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With an innovative device that stops boats instantly, fish don’t stand a chance; and with an innovative polymer protecting the device’s sensitive electronics, water damage doesn’t, either.
A few years back, fisherman John Oliverio was out on the Florida saltwater flats. He cast his line near a passing school of fish, and—for the umpteenth time in his fishing career—watched in frustration as his boat drifted out of range. But this time, Olivero had an idea.
“He thought, ‘wouldn’t it be awesome if I could stop the boat as instantly as I can start it,’” said Jantzen Maynard, Product Design Engineer at JL Marine, the company Oliverio co-founded to develop his innovation.
Maynard explains that, ordinarily, the only way to stop a moving boat is by cutting the motor and dropping the boat’s anchor. This requires abandoning the fishing pole, walking carefully to the stern and dropping the heavy anchor, causing commotion that can scare the fish away. Further, even at anchor, most boats will still drift significantly, at the mercy of prevailing wind and currents. The fisherman can restart the motor to try to fight it, but that creates more noise.
In contrast, the Power-Pole is a pole shaped anchor driven by hydraulics that is launched quickly into the water via a convenient button hung around the fisherman’s neck. The pole digs into the bottom and stops the boat swiftly, silently, and completely.
“A boat can become almost like a car in terms of stop/start maneuverability,” noted Maynard.
The Power-Pole was marketed successfully for several years, but Oliverio challenged his team to make the product even better.
“The device’s electronics are as sophisticated as a smart phone’s, but they might be exposed to water or be fully submerged for significant periods. If just a drop of water got through the case it could lead to a failure,” explained Maynard. “One of our goals was to keep the electronics even better protected.”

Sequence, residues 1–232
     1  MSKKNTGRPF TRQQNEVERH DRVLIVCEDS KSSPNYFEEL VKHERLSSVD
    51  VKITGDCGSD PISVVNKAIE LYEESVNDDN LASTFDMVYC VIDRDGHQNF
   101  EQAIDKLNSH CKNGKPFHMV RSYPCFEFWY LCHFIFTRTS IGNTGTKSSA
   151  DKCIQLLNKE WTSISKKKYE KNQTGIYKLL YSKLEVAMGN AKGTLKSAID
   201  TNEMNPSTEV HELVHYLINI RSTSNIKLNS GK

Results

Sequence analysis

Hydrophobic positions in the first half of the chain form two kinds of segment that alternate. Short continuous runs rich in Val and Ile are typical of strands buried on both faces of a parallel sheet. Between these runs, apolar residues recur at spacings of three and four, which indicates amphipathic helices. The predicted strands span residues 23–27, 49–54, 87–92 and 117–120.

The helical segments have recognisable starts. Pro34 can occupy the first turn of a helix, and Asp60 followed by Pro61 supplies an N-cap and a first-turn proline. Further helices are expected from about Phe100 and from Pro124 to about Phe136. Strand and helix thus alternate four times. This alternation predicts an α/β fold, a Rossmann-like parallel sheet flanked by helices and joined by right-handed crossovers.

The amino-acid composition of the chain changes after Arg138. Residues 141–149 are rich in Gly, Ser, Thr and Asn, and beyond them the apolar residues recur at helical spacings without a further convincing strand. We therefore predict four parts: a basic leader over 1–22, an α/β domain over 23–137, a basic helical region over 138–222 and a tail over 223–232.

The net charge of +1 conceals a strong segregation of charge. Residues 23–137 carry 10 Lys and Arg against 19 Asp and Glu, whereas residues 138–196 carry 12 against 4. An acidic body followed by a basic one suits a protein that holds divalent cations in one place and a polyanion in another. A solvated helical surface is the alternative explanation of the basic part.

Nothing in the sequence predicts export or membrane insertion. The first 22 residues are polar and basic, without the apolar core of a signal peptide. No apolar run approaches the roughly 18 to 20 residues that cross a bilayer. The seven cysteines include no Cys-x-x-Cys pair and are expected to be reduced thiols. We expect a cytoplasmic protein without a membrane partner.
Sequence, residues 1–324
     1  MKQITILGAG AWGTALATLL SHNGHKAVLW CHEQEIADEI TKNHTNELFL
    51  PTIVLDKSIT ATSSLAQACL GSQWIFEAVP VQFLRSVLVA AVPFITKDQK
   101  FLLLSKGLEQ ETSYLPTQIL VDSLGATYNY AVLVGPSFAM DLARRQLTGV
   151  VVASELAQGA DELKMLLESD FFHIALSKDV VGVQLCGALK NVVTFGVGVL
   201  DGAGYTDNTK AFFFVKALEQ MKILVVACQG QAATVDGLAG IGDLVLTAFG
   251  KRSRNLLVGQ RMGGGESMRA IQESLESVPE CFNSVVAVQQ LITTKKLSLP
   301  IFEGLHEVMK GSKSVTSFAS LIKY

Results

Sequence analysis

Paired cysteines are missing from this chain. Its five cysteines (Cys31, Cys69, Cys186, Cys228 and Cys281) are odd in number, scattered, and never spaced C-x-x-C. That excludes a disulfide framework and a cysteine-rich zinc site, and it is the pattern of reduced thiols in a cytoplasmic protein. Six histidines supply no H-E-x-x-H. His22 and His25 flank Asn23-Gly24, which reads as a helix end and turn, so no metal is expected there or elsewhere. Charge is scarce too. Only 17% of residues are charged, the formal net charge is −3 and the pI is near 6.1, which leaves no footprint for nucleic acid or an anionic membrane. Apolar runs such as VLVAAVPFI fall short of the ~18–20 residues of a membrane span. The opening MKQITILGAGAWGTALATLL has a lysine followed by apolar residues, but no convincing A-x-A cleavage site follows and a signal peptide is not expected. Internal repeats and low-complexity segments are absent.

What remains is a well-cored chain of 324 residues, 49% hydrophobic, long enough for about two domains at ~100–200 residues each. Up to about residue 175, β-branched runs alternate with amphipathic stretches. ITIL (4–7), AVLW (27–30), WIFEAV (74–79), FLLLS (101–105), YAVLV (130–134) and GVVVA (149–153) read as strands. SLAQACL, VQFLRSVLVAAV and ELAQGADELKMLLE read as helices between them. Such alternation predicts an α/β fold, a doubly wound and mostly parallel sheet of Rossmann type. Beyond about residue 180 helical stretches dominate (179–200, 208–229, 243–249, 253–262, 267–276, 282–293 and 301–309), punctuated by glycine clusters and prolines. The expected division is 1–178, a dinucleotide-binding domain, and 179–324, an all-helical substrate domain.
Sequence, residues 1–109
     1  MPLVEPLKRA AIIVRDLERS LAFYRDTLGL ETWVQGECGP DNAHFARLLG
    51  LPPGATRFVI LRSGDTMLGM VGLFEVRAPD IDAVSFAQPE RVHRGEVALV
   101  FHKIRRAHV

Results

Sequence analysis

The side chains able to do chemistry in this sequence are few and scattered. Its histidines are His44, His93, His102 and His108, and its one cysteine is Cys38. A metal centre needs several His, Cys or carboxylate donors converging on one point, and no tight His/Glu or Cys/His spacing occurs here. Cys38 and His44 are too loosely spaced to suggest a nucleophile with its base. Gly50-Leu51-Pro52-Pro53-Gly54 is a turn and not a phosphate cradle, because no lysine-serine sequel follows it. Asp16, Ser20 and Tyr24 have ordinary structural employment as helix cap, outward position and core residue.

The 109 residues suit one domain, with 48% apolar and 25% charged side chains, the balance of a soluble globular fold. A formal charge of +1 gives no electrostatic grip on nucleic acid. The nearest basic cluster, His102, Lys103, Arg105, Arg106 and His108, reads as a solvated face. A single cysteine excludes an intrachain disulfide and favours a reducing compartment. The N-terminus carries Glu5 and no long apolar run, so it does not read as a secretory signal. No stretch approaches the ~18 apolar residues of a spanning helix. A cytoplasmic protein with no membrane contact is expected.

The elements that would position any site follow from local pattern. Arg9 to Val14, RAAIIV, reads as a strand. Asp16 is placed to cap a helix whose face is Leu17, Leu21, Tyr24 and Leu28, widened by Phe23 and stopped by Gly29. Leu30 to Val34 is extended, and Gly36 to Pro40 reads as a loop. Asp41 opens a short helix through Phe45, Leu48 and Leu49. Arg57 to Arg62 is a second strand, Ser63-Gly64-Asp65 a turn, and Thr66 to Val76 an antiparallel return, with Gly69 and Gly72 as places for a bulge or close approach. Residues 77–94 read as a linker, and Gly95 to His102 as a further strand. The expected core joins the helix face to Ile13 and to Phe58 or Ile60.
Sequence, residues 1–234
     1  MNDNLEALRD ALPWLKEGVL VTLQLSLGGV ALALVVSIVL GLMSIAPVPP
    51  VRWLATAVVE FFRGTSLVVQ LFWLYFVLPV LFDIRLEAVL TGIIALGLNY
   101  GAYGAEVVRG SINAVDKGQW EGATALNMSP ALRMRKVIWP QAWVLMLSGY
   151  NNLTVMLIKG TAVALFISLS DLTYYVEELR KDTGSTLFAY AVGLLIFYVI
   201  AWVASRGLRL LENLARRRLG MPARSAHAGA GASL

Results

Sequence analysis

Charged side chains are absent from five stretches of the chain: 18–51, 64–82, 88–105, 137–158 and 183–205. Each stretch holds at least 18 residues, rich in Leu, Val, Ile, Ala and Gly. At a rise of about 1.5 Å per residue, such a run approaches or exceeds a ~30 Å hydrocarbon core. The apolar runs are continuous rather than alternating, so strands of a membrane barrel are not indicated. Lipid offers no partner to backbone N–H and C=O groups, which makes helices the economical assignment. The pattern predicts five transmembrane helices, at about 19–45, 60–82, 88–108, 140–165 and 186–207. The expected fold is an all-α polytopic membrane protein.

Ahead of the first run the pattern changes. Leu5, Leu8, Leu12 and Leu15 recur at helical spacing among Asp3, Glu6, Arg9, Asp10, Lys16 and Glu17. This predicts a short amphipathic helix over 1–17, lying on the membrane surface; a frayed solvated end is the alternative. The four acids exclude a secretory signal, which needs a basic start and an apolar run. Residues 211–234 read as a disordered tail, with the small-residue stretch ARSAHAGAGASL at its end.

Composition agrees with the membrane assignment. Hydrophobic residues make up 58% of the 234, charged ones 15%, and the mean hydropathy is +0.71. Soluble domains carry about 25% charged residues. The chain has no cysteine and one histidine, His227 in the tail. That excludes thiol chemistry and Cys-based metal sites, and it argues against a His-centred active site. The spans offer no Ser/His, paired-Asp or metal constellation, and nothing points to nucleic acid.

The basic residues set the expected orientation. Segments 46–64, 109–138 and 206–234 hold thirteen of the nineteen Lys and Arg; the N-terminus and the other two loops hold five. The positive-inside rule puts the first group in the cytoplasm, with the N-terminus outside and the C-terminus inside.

Maynard sensed that a solution might lie in materials selection, noting that, at the time, the company was using the glass reinforced nylon suggested by their compounder. He and his team decided to take a polymer science class at the University of Massachusetts to learn more.
“The class really opened our eyes to the huge universe of polymer performance possibilities. At the time, it seemed, we were using the best polymer for the application that the supplier happened to sell, rather than the best polymer for the application period,” recalled Maynard. “We knew we wanted to work with a compounder that had a wide selection of base polymers and the expertise to apply them optimally.”
After some research, he put in a call to RTP Company. The difference, he notes, was immediately apparent.
“RTP Company doesn’t just offer a handful of base polymers—it seems like they have every commercially viable base polymer known to man, and with all the additives they can apply, their solutions are nearly infinite,” said Maynard. “In addition, they offer specialized engineering expertise to help specify and optimize solutions, not just sales representatives with limited scientific knowledge.”
RTP Company engineers pointed them toward glass-reinforced Polybutylene Terephthalate (PBT), a thermoplastic engineering polymer used as an insulator in the electrical and electronics industries.
“There’s a whole gamut of ways that a polymer could fail in this application and the RTP Company compound is successfully addressing every one of them,” said Maynard. “It has low moisture absorption, excellent electrical resistance, great dimensional stability, creep resistance and more.”
Extensive lab testing and early field testing has resulted in zero failures, even better than any prior performance, Maynard noted. Further, JL Marine is enjoying an unexpected aesthetic benefit as well.
“Unlike nylon, the PBT is really glossy with no strands of glass visible—it looks great and it’s going to give us a further marketing advantage,” he said.
According to Maynard, the success of this project has made RTP Company their go-to partner, with numerous other projects now underway.
“We’re not getting plastic from anyone else from now on,” Maynard explains. “Here’s a company that has so many different polymers and so much expertise that they’re always going to steer you in the right direction, not just to something they happen to have on the shelf. That’s the kind of company we can trust.”